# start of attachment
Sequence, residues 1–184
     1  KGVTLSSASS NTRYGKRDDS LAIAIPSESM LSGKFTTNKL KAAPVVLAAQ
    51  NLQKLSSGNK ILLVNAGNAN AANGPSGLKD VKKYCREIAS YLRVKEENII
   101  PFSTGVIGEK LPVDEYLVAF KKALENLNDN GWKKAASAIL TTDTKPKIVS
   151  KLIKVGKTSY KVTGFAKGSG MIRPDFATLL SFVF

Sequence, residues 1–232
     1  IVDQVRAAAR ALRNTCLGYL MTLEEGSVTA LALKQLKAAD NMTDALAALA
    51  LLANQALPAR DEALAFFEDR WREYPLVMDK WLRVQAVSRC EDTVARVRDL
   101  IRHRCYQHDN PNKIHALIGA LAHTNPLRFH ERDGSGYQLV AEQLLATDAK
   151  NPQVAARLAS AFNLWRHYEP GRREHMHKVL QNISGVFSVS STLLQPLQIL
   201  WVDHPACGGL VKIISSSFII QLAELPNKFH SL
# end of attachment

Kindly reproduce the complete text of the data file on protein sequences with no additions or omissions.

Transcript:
Sequence, residues 1–184
     1  KGVTLSSASS NTRYGKRDDS LAIAIPSESM LSGKFTTNKL KAAPVVLAAQ
    51  NLQKLSSGNK ILLVNAGNAN AANGPSGLKD VKKYCREIAS YLRVKEENII
   101  PFSTGVIGEK LPVDEYLVAF KKALENLNDN GWKKAASAIL TTDTKPKIVS
   151  KLIKVGKTSY KVTGFAKGSG MIRPDFATLL SFVF

Sequence, residues 1–232
     1  IVDQVRAAAR ALRNTCLGYL MTLEEGSVTA LALKQLKAAD NMTDALAALA
    51  LLANQALPAR DEALAFFEDR WREYPLVMDK WLRVQAVSRC EDTVARVRDL
   101  IRHRCYQHDN PNKIHALIGA LAHTNPLRFH ERDGSGYQLV AEQLLATDAK
   151  NPQVAARLAS AFNLWRHYEP GRREHMHKVL QNISGVFSVS STLLQPLQIL
   201  WVDHPACGGL VKIISSSFII QLAELPNKFH SL